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Almost everyone loves a good courtroom drama.
Whether the lawyer is Perry Mason or Matlock, afficionados look for clues to see if they can figure out who committed the crime before the perpetrator is finally unveiled.
But the greatest courtroom dramas are not on television at all.
They’re in Scripture.
The trials I have in mind are Adam’s trial in the Garden of Eden following his fall, Christ’s trial before Herod and Pontius Pilate, and the final trial of all men before the judgment seat of Jesus Christ.
Micah tells us about yet another trial, one that has all the excitement of the best television shows but without a surprise ending.
It’s the trial of northern kingdom.
God is the plaintiff.
He has a controversy, a complaint or, even more literally, a lawsuit against his people.
Israel is the defendant.
But in spite of the heinousness of the accusation, throughout the proceeding God refers to the Israelites as /his people/ (v.
2; cf.
vv. 3, 5).
This trial even has a jury.
God summons the mountains and hills to hear his case (v. 1).
Here the mountains probably refer to the surrounding nations.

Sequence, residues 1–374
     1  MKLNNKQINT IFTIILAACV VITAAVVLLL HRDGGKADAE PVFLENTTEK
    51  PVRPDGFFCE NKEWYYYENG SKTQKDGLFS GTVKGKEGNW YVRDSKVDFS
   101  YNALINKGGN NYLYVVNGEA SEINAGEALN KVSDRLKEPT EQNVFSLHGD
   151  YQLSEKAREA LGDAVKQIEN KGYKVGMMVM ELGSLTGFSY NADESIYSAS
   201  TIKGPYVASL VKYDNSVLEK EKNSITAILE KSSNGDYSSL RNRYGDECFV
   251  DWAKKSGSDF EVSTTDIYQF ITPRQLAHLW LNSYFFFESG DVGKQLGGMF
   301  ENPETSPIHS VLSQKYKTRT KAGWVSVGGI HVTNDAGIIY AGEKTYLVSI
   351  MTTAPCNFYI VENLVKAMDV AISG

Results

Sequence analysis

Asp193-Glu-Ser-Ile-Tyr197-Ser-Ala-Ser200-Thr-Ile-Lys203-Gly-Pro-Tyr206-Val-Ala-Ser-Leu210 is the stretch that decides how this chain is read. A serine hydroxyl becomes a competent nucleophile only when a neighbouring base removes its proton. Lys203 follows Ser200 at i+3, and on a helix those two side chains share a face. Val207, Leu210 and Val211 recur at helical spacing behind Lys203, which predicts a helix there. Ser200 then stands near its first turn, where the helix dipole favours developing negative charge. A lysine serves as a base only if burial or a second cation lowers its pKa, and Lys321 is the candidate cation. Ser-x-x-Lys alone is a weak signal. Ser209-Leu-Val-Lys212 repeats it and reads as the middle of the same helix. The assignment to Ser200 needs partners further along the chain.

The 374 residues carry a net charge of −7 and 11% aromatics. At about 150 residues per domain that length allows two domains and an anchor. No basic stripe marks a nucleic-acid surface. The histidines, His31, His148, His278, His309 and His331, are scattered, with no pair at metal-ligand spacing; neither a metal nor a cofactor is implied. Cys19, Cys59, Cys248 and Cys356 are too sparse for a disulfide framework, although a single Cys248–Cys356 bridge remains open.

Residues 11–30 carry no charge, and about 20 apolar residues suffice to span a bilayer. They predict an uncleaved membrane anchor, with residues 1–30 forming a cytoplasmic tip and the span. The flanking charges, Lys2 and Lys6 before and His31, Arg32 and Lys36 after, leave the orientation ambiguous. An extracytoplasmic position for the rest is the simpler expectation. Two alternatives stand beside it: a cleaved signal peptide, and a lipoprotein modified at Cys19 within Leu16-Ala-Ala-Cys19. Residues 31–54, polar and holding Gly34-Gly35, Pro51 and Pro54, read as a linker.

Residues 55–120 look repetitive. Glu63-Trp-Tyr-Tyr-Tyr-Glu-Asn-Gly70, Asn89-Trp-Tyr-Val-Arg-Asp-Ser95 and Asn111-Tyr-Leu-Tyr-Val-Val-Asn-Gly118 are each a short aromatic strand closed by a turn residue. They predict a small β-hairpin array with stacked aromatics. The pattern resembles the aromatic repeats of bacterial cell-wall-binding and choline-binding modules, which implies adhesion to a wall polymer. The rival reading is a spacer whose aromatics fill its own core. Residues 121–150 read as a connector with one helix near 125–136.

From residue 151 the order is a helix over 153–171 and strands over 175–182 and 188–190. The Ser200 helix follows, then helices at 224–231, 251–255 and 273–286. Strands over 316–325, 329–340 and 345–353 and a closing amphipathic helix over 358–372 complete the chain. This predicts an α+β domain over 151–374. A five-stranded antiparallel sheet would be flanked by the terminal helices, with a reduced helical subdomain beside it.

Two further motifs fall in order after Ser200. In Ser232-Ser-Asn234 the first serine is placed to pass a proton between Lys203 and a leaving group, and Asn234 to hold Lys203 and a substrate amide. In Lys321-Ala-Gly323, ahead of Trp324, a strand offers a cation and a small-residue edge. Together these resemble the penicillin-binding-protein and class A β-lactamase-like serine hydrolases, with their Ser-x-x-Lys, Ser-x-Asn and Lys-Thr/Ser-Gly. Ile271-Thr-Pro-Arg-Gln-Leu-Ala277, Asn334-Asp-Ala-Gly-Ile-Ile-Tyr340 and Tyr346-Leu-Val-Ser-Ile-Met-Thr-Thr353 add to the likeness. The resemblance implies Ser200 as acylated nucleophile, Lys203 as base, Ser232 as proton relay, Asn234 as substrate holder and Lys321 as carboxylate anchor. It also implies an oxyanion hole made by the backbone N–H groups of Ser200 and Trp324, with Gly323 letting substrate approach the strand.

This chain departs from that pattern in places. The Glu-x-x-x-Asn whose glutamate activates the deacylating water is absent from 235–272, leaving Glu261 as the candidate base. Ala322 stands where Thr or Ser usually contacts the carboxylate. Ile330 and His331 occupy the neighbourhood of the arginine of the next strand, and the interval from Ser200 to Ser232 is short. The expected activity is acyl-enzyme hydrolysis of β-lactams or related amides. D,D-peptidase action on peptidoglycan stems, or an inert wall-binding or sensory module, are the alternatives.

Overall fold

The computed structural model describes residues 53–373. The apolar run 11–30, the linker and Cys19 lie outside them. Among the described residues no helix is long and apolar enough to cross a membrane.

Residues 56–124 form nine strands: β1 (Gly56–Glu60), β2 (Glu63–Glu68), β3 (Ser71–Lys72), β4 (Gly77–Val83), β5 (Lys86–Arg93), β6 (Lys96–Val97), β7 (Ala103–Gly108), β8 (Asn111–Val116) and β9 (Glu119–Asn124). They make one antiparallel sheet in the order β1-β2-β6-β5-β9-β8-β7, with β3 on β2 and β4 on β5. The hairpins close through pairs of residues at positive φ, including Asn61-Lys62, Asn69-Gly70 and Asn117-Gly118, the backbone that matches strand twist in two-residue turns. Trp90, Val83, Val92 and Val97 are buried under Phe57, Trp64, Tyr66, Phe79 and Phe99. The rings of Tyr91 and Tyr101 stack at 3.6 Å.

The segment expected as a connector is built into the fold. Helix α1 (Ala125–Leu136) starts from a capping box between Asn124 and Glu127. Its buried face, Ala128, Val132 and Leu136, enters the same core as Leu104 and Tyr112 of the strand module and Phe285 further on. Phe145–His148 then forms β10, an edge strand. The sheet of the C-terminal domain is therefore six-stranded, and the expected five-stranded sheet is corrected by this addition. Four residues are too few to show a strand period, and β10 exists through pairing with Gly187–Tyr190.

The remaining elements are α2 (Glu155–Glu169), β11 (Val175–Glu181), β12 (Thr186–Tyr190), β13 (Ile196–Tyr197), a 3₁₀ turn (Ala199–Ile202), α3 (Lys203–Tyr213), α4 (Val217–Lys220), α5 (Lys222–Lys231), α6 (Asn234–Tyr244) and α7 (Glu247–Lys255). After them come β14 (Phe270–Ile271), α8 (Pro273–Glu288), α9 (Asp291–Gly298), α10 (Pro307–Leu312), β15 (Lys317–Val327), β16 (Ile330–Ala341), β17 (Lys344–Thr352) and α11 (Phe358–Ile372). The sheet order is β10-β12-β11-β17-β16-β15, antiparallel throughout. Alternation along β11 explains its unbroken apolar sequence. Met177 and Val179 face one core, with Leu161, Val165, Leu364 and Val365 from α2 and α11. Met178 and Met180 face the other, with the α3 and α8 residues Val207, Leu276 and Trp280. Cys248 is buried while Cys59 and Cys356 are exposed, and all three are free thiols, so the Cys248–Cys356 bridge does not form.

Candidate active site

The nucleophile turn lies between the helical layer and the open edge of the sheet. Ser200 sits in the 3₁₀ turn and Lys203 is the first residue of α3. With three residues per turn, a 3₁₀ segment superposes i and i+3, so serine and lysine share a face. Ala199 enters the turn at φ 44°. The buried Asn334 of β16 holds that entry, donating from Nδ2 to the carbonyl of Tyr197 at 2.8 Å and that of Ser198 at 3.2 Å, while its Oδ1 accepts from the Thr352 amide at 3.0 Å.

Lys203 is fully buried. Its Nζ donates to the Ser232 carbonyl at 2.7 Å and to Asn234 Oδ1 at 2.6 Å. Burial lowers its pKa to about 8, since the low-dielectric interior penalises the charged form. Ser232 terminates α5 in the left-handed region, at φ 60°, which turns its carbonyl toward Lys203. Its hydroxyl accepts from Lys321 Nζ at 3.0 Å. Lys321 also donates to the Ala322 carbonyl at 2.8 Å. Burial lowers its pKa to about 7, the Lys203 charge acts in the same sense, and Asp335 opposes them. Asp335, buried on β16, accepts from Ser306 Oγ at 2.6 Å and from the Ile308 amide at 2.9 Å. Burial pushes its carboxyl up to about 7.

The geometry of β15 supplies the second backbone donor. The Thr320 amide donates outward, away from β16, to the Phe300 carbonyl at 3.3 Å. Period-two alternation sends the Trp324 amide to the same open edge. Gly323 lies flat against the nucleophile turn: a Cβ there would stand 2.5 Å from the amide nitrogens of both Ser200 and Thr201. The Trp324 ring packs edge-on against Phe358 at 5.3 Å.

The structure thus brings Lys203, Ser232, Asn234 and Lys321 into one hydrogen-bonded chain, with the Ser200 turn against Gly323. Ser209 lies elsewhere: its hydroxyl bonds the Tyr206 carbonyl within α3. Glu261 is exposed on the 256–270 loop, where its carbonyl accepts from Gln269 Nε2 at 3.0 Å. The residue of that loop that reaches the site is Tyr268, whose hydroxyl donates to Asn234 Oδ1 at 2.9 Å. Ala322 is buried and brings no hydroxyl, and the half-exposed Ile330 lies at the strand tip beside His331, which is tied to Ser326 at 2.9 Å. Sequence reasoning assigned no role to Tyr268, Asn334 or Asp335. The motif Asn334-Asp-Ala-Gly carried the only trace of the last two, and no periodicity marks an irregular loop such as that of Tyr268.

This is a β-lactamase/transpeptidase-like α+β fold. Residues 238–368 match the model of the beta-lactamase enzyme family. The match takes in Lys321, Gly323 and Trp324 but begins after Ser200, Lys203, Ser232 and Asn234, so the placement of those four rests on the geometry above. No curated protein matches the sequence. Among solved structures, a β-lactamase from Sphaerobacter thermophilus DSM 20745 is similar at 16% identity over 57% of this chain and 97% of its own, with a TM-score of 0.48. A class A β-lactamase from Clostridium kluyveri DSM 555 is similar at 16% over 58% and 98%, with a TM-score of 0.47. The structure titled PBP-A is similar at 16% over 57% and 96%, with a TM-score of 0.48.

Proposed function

The fact that pagan nations will sit in judgment of God’s people only highlights the depths of Israel’s depravity.
As you read these verses, you’ll probably notice that one thing is still missing — there is no verdict.
This is probably due to the fact that God’s testimony against Israel is so compelling that nothing other than a guilty verdict could possibly be rendered.
The Complaint
The basis of God’s lawsuit is simple: Israel had violated God’s law.
But it’s not just that there were occasional lapses in obedience.
That’s true of all of us.
Even David, the greatest king of the united kingdom, sinned once in a while.
Rather, the people had cast off God’s law completely.
As Micah reports, they preferred idolatry, covetousness, cruelty and false prophecy to the Word of God.
But God’s greatest complaint against the people was something more basic.
The sins that I just mentioned were symptoms of systemic ingratitude.
You see, when Micah prophesied, which was roughly the same time as Isaiah, Hosea and Amos, both the northern and southern kingdoms were experiencing tremendous economic prosperity.